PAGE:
The decision adds to the regulatory certainty the FCC began building with orders adopted earlier this year regarding VoIP that the FCC rather than state commissions, has the responsibility and obligation to decide whether certain regulations apply to IP-enabled services.
“Since 1870 home telephone service has been essentially the same—two phones connected by a wire. This landmark order recognizes that a revolution has occurred. Internet voice services have cracked the 19th Century mold, to the great benefit of consumers,” said FCC Chairman Michael Powell in issuing the ruling. “VoIP services certainly enable voice communications between two or more people, just as the traditional telephone network does, but that is where the similarity ends. Internet voice is an Internet application that takes its place alongside email and instant messaging as an incredibly versatile tool for communicating with people all over the world. As such it has truly unique characteristics.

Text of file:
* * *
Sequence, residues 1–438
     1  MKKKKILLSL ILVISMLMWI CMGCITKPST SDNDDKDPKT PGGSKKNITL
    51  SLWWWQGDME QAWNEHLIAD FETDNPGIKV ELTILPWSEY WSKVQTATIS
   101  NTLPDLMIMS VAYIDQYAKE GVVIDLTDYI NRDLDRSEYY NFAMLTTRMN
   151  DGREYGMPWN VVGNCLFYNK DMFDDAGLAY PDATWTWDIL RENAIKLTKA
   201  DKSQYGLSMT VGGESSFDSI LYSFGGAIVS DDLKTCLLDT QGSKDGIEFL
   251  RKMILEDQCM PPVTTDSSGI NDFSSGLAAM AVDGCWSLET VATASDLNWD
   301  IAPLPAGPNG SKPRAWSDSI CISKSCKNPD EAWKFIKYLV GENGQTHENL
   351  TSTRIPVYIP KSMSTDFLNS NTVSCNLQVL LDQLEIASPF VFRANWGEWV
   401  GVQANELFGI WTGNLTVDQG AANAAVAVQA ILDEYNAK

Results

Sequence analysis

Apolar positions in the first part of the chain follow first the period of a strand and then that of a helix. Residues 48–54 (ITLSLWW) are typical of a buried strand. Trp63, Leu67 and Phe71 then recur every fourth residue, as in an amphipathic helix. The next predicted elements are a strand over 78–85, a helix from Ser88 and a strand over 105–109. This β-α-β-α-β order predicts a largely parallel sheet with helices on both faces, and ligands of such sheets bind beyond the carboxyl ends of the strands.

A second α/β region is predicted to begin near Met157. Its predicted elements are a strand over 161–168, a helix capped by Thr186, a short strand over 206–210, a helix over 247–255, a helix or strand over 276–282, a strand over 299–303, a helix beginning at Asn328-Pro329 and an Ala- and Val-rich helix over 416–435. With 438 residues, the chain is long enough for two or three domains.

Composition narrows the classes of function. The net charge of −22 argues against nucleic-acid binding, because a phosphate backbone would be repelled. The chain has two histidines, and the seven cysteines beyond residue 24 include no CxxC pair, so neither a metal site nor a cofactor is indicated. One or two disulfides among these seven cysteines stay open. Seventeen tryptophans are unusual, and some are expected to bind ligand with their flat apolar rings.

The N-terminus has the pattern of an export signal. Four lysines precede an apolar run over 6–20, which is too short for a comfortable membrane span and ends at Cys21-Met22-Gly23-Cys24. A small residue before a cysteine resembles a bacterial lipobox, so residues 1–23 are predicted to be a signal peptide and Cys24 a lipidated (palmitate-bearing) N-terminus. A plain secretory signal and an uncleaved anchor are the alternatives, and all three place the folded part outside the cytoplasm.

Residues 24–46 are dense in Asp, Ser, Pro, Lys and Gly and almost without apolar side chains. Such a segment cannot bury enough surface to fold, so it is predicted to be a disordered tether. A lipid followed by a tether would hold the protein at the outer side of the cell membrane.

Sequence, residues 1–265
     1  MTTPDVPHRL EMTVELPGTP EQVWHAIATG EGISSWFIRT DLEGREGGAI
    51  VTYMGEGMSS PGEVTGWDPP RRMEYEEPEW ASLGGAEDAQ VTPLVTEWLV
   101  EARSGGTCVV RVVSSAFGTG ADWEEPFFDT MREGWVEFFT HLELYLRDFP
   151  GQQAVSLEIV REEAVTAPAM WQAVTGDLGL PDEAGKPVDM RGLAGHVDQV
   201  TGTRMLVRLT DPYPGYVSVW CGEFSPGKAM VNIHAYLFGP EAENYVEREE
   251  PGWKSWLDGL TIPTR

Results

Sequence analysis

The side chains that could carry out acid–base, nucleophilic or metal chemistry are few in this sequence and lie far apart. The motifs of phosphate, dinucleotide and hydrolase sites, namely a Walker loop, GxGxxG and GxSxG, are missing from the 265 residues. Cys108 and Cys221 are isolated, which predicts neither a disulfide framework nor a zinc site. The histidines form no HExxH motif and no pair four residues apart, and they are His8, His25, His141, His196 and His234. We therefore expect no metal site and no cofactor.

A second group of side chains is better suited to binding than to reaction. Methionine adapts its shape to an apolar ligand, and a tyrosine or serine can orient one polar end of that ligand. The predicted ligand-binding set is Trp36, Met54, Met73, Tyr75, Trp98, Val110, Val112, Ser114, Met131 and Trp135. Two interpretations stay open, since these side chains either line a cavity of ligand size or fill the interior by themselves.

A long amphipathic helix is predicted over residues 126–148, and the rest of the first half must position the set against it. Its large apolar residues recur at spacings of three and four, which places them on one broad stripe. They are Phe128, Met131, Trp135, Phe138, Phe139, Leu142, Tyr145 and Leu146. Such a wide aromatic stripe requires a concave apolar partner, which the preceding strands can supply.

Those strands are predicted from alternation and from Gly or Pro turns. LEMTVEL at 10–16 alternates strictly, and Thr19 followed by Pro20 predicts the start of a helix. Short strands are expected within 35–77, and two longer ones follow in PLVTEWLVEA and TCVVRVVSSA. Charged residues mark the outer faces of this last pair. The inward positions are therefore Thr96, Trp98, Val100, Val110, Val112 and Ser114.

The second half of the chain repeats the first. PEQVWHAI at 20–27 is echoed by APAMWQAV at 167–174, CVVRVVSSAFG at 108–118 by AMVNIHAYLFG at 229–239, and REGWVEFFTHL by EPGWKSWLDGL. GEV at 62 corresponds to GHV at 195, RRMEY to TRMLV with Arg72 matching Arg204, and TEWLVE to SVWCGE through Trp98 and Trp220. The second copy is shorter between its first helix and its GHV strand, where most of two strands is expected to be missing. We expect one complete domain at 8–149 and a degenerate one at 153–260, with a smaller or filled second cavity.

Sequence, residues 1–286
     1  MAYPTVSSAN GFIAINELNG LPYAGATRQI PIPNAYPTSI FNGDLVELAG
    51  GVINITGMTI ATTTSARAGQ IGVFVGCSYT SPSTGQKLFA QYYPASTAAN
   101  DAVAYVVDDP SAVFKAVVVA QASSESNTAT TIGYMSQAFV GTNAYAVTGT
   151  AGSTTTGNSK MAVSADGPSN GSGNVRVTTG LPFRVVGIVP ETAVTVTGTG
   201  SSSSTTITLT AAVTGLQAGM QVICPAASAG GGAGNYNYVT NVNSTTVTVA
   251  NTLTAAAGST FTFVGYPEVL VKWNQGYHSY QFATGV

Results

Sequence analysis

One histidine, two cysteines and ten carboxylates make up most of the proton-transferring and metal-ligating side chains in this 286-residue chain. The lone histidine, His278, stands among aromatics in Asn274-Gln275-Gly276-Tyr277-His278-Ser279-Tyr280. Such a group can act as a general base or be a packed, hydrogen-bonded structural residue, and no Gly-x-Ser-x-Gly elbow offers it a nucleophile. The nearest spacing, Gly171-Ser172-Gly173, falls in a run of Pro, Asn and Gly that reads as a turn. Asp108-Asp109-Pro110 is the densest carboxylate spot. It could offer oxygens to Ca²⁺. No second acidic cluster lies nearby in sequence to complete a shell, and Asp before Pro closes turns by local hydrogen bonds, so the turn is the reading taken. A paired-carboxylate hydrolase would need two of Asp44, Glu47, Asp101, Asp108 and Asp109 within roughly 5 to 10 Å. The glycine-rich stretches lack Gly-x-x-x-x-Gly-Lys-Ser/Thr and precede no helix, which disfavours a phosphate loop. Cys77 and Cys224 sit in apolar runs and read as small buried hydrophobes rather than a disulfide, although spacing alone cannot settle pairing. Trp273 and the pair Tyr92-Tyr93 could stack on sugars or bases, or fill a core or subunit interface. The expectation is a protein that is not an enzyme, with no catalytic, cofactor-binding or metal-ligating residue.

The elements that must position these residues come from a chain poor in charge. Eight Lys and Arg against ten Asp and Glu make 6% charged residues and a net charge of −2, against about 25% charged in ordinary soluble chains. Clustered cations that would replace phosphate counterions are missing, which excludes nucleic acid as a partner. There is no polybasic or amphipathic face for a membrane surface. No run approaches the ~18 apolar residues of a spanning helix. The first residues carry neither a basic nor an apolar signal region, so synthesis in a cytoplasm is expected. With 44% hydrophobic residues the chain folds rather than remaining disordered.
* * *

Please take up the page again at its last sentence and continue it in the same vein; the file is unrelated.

“It’s not clear how this will affect taxation issues,” said company spokeswoman Brooke Schulz. “This was a regulatory ruling, which should be viewed separately from other issues.”
The taxation issue had come to the forefront in recent days as some VoIP providers revealed they had received letters from some Southern California municipalities demanding that they collect and remit utility user taxes from their customers.
“We were concerned about dealing with 50 different state jurisdictions,” said Ravi Sakaria, president and CEO of VoicePulse, Inc., Jamestown, N.J. “We and the other VoIP providers are very small. It would be costly and time consuming for us to handle that on many fronts. To have to face [taxation] at a municipal level is even more scary.”
VoicePulse received identical letters Friday from the governments of Burbank and El Monte, Calif., demanding that the company charge local users and pass along to the cities a 7 percent utility users tax.